Nov 05 2018
Massive Manitoba Whitetail
by Clay Newcomb
It was the final day of my hunt in one of the most iconic regions of North America’s whitetail country. It was November 3rd 2018. Time wasn’t just fading metaphorically; I had 14 minutes of legal shooting light remaining. Manitoba is known for massive, knarly whitetails, and I’d been after them for six-and-a-half days. While bowhunting earlier in the week a mature buck with impressive antlers bedded down at 75 yards, but never offered a shot. This had been my only encounter with a target animal. The deer weren’t doing what they’d done the year before so I laid down the Mathews bow on day three and picked up the muzzleloader. They’d been patternable and visible last year, but they weren’t now. On some hunts, my goal is take an animal with a certain weapon. On other hunts the goal is take a certain type of animal. This hunt was the latter.
I was hunting in the Southwestern third of Manitoba, known as the Parkland Region, with Tom Ainsworth of Grandview Outfitters. Hunting with Tom and Debbie is like going to a good friend’s farm for a week. Home-cooked meals were served at Tom and Deb's everyday. If professionalism, hospitality and personal connection in an outfitted hunt could be graded, it would be hard to find a metric to describe these people. They are old-fashioned rural Manitoba ranchers, farmers and hunters. Hard work, honesty, and clear communication are just how they operate. They had a strong conservation and land-stewardship ethic before it was cool. Tom is a character of characters, an articulate orator, a student of wildlife and the history of the region. To a Southerner, he’s just fun to listen to talk. And he’s passionate about big Canadian whitetails.
Southwestern Manitoba is big agricultural country that borders massive amounts of public land. Tom Ainsworth of Grandview Outfitting hunts over 3,000 acres of private farm ground for giant Canadian whitetails.
He’s got access to over 3,000 acres of private agricultural land, and he knows it all like the back of his hand. After 40 years of hunting these properties, his knowledge of deer behavior and movement is notable. Every drive to the stand was like a whitetail-classroom as Tom described patterns he’d seen over decades. He hasn’t been educated by the trends, and sometimes hype-filled whitetail media. His knowledge comes from the personal experience of four decades of observation. Some of his strategies and philosophy may not work in other places, but they work here. That’s all what matters.
The year prior I’d taken a spectacular buck on the second day of the hunt with my bow. Could lightning strike twice? I was beginning to think it wouldn’t. The rut is compact in the far North. By November 1st, in much of the whitetail’s range, the bucks are cruising for does and rut-induced hunter opportunity is high. Here the bucks are still on a feeding pattern and even traveling together. It had happened relatively easy for my hunting buddies, James Lawrence and Steve Schultz. They had tagged out by day two, but I couldn’t seem to catch up with a buck.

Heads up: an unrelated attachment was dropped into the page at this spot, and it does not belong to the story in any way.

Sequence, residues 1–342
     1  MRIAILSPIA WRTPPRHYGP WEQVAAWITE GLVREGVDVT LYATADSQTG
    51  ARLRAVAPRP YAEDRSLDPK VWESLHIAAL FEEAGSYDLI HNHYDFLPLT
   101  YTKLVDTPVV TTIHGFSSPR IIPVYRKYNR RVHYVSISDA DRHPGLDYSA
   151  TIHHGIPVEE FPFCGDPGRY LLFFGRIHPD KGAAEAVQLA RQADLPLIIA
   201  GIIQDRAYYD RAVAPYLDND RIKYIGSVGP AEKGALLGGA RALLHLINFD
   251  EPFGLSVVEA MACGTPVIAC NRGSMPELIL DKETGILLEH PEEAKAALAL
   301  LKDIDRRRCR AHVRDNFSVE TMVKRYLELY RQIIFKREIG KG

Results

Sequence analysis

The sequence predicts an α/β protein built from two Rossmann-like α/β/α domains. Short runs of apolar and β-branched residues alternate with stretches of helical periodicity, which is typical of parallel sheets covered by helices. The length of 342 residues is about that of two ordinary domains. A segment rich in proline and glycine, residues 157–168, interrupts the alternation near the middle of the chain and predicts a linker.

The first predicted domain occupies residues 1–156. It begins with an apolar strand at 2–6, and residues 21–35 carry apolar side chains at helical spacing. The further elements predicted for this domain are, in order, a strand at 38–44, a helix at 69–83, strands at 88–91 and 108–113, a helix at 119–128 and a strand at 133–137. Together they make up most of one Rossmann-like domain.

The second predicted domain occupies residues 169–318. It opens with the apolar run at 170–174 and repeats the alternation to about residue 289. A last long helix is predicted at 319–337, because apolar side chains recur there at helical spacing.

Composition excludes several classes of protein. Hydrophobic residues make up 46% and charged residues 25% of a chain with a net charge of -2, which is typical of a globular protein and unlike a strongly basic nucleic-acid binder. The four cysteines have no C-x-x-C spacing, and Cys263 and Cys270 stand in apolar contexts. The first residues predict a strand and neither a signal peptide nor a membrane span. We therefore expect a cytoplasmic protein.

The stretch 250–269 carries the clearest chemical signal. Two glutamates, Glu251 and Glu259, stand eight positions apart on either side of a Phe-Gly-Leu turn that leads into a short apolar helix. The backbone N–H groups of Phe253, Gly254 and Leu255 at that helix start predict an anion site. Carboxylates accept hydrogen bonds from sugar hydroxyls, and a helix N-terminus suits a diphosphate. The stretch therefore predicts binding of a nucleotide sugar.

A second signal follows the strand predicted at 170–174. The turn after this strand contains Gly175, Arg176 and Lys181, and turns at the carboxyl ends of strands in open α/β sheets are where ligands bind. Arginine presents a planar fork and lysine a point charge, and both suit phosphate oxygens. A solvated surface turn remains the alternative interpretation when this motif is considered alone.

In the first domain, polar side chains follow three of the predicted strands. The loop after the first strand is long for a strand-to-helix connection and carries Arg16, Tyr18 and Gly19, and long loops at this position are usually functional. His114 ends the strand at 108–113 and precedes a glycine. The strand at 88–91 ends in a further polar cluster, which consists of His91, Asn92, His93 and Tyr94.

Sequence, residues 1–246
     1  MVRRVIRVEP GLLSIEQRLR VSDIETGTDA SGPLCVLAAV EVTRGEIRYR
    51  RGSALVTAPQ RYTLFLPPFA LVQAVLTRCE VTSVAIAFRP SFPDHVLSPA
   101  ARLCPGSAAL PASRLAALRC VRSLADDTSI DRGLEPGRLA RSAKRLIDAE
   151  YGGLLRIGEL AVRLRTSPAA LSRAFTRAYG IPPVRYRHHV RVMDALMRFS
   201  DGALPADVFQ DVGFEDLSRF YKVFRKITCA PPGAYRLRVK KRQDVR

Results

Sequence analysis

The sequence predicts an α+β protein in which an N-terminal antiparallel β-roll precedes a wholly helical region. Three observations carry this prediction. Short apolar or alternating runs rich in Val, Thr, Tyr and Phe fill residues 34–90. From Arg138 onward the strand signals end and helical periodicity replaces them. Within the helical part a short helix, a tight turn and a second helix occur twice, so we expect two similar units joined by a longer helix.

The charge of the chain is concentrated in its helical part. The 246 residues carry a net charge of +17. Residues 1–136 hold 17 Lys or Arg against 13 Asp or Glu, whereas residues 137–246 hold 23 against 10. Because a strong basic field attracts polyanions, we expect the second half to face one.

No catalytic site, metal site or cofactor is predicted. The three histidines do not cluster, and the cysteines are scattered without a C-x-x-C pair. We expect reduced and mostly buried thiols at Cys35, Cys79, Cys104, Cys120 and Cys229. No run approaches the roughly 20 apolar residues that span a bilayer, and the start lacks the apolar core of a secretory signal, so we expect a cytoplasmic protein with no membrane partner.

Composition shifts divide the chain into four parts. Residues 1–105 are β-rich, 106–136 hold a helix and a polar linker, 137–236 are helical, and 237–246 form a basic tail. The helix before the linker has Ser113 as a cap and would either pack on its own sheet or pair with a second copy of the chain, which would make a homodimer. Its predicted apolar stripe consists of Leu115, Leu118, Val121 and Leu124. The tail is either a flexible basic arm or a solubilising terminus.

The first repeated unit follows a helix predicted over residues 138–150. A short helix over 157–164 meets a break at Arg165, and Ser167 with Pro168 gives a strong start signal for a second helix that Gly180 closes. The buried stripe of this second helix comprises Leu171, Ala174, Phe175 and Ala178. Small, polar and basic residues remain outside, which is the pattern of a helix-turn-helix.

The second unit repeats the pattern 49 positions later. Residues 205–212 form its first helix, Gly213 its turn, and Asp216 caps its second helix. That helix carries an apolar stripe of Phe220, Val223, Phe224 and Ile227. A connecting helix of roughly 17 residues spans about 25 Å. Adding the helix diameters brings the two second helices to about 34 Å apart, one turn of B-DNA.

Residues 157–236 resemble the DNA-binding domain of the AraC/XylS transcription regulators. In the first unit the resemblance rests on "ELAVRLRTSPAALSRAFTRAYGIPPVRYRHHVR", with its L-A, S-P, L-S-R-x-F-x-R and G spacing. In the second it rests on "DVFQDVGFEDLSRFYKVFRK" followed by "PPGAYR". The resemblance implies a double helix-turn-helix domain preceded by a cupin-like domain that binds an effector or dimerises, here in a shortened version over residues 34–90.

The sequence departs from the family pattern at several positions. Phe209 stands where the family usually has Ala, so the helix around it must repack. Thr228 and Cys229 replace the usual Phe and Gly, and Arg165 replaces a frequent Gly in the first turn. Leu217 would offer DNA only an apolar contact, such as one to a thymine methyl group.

James Lawrence of Arkansas harvested this 250-pound Manitoba buck on day two of his hunt with Tom Ainsworth of Grandview Outfitting.
Steve Schultz took this fine 9-point buck on the first morning of the hunt in Manitoba.
On the morning of day six I saw two bucks 600 yards away on the back edge of a soybean field. I knew I had to get aggressive. I slipped out of the blind to stalk the bucks simultaneously with a coyote spooking them off the field. However, this gave me the opportunity to move into position if they returned. I cut the distance in half and made a brush blind on the edge of the field. It was now 9 a.m. I texted Tom and told him I’d be sitting all day. The high temperature for the day was 28 degrees, but I was wearing my First Lite Chamberlin Puffy jacket and Sanctuary bib overalls. I stayed warm. Miraculously, a rare southeast wind blew consistently all day, sending my scent into the large cut bean field. I waited.
After seeing the giant Manitoba buck at daylight, he left the blind and closed the distance by 300 yards. He ended staying there for over 9 hours waiting for the buck to return. It was the last day of the hunt so he just had to do what it took!
After seeing several coyotes and just a few deer the whole day, nine-and-a-half hours later the buck appeared a mere fourteen minutes before the end of legal shooting light. Using a spruce limb as a gun rest, I made a 248-yard shot using Steve’s long-range muzzleloader. The buck dropped in the field.
An iconic image of the giant Manitoba whitetail on the back edge of a cut soybean field just seconds before the shot. After appearing briefly at daylight, the buck didn't return until 9 hours later near dark.
The buck had character for days, bladed tines, and the kind of mass any whitetail hunter would drive across the country to find. And the bean-fed meat? Lord knows my family and I will partake of it with incalculable reverence in a sacred dinner-table celebration of the hunt and our ancient, honorable and relevant way of life. Hunters are the good guys who care about wildlife and want to see them thrive. Long live the hunt, and long live the beast!
Call Tom and Debbie Ainsworth for an affordable Manitoba whitetail hunt at 1-(204)-546-2751 or email at email@example.com
Clay with the giant Manitoba whitetail taken in the fading moments of the hunt.
The buck had lots of mass, just what you're looking for in a Canadian whitetail. The buck weighed 248 pounds.
The buck was 18.5 inches wide with 5-inch bases and 10.5 inch G2s. Certainly an older-age-class buck! Just what Clay was after.
The buck had incredible mass. The G2 on the left side was bladed and nearly two inches wide and ten inches long.
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